Johan: it’s difficult. Historically we were lucky, we had dedicated support from NHS Protect, Counter Terrorism, Police etc. and information from them was freely available to us. Nowadays it’s not. Now is the time to look at things differently. At the moment, for me, it’s all about getting the reassurance that we’re in line with what they’re expecting.

Ian: NHS Protect may be gone, but we also have a Yorkshire and Humberside Security Management group, to connect us. It’s about intelligence gathering. Secondly, we also have links to West Yorkshire Police. This isn’t about a PC on shift in the hospital, it’s more about engagement with senior figures in our region. Lastly we also have that connection with Counter Terrorism, and the National Counter Terrorism Security Office (NACTSO). That all takes time. To make that connection.

Chris: We’re doing all this to get some solutions. It’s about being responsible for that space you’re managing and responding to external input. But the question is, if you’re expected to respond to that, at what speed? If there’s going to be an attack, how fast can you respond, and how fast do you need your contractor to move?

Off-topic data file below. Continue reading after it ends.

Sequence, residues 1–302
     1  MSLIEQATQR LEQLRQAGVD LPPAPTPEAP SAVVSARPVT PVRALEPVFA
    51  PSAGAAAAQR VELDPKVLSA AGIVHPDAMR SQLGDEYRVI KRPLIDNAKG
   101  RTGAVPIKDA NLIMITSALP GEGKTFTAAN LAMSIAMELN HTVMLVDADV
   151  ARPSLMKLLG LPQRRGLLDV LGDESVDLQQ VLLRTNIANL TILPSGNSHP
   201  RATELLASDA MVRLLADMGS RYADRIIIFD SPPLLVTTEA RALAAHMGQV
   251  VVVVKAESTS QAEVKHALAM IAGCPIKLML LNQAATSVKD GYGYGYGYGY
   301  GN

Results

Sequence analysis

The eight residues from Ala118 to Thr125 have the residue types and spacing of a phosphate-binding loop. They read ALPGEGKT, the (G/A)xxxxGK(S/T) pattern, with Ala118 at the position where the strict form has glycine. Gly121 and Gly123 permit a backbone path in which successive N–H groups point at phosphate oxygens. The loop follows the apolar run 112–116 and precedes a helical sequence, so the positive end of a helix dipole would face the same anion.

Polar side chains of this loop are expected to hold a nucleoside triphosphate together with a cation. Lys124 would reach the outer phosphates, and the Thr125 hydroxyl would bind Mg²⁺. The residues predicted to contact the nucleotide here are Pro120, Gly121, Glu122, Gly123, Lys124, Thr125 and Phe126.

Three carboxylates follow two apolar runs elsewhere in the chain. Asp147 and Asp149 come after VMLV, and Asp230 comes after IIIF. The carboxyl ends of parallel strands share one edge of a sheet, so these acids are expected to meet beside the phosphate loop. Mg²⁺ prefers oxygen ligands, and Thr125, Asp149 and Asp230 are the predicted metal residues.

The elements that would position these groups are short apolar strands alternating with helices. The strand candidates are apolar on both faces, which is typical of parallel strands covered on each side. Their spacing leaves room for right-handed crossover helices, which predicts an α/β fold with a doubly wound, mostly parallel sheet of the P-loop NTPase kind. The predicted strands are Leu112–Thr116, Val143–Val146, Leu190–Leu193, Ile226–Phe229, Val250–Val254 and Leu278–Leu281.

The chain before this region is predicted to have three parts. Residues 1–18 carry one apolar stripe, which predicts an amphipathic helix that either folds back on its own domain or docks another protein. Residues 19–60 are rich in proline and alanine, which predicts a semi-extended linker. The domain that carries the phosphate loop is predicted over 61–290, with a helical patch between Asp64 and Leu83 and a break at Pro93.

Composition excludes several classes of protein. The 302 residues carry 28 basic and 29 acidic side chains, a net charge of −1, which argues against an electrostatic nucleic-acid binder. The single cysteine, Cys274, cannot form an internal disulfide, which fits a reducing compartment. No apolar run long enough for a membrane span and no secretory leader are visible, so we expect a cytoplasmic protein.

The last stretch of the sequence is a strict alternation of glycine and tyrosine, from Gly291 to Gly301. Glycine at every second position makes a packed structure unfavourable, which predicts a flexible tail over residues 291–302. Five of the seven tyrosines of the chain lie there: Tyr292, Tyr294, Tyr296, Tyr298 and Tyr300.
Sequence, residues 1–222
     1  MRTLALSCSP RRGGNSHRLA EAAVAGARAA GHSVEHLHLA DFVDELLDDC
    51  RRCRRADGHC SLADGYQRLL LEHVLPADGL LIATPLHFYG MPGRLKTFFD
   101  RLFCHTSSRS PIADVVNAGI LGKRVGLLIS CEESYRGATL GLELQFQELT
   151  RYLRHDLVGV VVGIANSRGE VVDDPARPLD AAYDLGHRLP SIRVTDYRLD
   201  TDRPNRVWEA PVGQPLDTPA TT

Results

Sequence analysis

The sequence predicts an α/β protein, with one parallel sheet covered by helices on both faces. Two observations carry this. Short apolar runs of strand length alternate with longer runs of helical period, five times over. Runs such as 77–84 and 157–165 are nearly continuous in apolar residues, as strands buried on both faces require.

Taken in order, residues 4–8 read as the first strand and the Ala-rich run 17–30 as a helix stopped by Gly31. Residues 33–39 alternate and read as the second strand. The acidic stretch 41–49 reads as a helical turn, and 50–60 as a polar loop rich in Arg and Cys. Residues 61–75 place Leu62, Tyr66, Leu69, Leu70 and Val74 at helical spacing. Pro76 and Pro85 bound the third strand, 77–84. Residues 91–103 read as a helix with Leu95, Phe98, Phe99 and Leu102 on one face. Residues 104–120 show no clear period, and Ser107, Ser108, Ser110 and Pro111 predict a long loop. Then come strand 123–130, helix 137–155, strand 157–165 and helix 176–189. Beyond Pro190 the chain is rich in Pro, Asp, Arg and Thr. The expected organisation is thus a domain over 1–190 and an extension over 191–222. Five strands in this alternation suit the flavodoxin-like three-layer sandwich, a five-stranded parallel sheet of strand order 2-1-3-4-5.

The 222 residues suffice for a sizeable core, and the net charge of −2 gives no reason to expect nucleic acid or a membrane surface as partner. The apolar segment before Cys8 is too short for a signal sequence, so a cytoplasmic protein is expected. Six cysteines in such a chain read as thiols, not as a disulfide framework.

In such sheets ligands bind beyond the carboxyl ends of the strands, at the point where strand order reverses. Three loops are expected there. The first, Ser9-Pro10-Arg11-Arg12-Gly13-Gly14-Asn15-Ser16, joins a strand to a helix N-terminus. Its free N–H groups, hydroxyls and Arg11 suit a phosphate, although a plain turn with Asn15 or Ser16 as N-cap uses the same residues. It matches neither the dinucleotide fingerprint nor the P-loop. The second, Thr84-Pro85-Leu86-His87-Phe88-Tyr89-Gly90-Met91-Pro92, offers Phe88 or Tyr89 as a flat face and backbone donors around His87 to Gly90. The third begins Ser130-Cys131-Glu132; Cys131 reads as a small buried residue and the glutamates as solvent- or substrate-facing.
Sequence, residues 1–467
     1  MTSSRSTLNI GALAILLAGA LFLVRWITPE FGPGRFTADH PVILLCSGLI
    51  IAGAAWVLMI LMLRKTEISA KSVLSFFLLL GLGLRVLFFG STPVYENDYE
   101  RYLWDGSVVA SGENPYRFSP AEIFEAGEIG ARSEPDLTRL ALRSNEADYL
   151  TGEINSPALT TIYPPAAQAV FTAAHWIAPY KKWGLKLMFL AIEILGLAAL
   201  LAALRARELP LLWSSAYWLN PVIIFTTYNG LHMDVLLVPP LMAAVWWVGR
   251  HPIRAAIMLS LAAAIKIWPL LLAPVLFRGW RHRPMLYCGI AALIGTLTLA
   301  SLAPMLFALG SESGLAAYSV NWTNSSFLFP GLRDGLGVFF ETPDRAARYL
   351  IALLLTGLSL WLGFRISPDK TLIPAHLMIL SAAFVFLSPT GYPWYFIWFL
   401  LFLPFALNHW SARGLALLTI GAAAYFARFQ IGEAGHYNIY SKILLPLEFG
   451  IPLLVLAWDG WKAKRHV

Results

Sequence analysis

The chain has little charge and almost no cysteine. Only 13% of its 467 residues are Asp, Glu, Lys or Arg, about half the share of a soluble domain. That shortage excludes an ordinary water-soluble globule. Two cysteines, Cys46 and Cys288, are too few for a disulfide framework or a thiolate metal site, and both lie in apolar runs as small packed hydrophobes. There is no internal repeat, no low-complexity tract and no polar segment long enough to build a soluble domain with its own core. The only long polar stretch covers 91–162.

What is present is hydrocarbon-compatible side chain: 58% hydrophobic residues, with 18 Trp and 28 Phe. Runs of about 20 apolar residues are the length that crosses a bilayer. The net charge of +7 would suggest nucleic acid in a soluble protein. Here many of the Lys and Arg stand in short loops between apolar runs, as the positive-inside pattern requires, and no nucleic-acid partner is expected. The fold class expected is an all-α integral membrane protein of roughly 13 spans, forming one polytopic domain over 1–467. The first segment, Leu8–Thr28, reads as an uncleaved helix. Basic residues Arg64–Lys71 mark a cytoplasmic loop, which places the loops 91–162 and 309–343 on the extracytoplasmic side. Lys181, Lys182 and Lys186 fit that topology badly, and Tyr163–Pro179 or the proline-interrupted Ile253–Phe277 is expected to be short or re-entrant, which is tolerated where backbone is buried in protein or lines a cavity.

Ian: after the Liverpool attack, we met with Counter Terrorism to assess our situation. We wanted to get a message out that wasn’t a knee jerk reaction. We wanted to make it clear that this didn’t pose a threat to us as a hospital. Our CEO did a talk explaining, ‘this has happened, please be calm, please be curious, please challenge anything unusual’. Secondly we immediately re-introduced our e-learning on Counter Terrorism. We wanted to try and keep the balance..